Archive for May, 2012


In my last update, “WordPress Necromancy,” I mentioned that I’ve spent a lot of time this past year writing fanfiction. And I have. I’ve also spent a good amount of time reading fanfiction. Why would I subject myself to such horrors, you ask? Because some fanfiction is actually good, believe it or not. A few are actually great. Blows the mind, doesn’t it?

More often, of course, fanfiction outright sucks or lands squarely in that “meh” domain that isn’t worth mentioning one way or another. But that actually has less to do with it being fanfiction than it has to do with the open-to-the-public nature of the thing; as there are no editors, agents, or publishers sifting through the work and deciding which authors are and are not worth investing in, there’s nothing to stop the sewage from being posted. Hence, the vast majority of the content on FanFiction.Net is either bad… or horribad.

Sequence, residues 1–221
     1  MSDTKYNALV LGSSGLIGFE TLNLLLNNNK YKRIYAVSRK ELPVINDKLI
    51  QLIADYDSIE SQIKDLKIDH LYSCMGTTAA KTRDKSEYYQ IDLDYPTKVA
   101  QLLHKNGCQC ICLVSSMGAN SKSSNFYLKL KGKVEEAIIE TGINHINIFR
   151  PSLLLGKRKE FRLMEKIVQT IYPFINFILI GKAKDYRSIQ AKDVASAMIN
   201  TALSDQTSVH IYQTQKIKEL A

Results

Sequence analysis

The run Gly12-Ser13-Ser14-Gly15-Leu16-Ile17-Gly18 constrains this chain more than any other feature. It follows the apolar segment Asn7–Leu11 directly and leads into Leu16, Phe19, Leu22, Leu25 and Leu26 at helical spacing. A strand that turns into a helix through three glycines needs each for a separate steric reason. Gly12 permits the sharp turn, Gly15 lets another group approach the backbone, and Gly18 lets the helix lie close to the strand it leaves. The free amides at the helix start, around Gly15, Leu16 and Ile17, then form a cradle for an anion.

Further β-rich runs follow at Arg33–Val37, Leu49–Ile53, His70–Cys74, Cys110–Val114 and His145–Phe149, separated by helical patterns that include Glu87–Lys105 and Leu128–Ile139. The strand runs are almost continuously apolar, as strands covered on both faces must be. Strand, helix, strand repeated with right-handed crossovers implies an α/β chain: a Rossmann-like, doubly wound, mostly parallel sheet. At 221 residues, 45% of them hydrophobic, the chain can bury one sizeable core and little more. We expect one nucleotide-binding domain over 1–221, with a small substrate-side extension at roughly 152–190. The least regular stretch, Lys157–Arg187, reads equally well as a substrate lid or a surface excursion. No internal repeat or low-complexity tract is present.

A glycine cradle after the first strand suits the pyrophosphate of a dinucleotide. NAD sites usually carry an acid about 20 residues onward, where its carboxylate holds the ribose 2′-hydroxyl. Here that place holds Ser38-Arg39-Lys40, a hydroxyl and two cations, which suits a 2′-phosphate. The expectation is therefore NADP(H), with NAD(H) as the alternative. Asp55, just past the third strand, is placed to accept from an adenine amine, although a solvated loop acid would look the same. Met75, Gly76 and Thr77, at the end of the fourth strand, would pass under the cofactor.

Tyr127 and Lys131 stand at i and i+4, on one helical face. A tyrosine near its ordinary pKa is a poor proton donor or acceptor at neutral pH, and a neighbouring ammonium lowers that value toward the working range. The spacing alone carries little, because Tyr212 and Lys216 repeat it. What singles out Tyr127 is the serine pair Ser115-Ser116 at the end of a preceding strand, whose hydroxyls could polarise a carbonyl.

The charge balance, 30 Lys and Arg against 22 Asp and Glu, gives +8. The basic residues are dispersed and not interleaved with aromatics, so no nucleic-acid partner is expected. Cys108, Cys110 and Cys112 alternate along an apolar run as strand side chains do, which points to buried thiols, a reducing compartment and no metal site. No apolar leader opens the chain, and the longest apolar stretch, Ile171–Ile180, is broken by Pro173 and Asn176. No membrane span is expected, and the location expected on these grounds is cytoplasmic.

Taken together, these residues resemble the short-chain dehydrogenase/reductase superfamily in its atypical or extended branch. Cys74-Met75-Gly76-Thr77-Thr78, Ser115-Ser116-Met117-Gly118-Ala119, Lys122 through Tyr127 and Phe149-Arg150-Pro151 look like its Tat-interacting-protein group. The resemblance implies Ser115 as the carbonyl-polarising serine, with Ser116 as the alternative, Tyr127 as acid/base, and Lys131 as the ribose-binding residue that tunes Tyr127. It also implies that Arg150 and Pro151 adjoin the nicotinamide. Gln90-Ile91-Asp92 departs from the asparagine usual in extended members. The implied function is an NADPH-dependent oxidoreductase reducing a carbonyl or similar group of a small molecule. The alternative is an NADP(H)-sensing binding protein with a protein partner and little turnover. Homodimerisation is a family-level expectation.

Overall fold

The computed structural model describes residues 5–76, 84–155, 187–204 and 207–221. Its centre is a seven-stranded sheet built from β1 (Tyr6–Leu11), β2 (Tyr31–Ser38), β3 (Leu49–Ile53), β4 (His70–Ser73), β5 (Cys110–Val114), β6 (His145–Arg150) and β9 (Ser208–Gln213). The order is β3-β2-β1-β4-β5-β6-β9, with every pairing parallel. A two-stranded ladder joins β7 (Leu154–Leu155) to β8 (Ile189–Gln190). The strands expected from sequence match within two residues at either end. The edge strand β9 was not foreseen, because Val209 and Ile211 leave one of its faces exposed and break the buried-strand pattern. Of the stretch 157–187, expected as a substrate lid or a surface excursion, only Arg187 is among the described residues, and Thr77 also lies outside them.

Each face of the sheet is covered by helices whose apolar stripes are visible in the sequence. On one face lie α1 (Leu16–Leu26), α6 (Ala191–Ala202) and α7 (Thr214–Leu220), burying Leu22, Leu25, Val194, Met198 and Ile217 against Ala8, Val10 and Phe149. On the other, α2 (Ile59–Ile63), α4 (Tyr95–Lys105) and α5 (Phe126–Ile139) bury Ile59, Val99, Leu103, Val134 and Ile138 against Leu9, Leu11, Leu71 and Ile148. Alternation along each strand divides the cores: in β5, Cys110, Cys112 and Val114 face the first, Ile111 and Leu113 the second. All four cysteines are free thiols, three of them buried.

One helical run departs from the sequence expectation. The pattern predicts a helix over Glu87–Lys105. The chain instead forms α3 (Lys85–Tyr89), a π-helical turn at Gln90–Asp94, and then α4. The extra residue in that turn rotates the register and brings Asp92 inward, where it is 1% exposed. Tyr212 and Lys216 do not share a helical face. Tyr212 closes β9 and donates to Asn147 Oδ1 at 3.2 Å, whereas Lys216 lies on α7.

That shouldn’t even need stating, really. It’s as much a fact of nature at this point as “the sky is blue” and “grass is green” and “Lewis will most likely forget trash day this week.” What I want to talk about isn’t how most of it sucks; I want to talk about the way authors react when told they’ve done something wrong with their work.

You see, I recently read a crossover story that looked mildly interesting at first blush, and in fact started out relatively well. It even has decent writing quality, which is usually… usually, not always… a sign that the writer knows what he or she is doing. It was a crossover story in which Harry Potter, being stressed out by his vital role in the ongoing war against Lord Voldemort, is visited by three Legendary Pokémon (namely: Mew, Celebi, and Jirachi) and given the opportunity to take a vacation of sorts in another world. He is thus transported to the Pokémon universe and the rest is history. Sounds trite? Maybe it does, but it was still going pretty well until Giovanni entered the picture.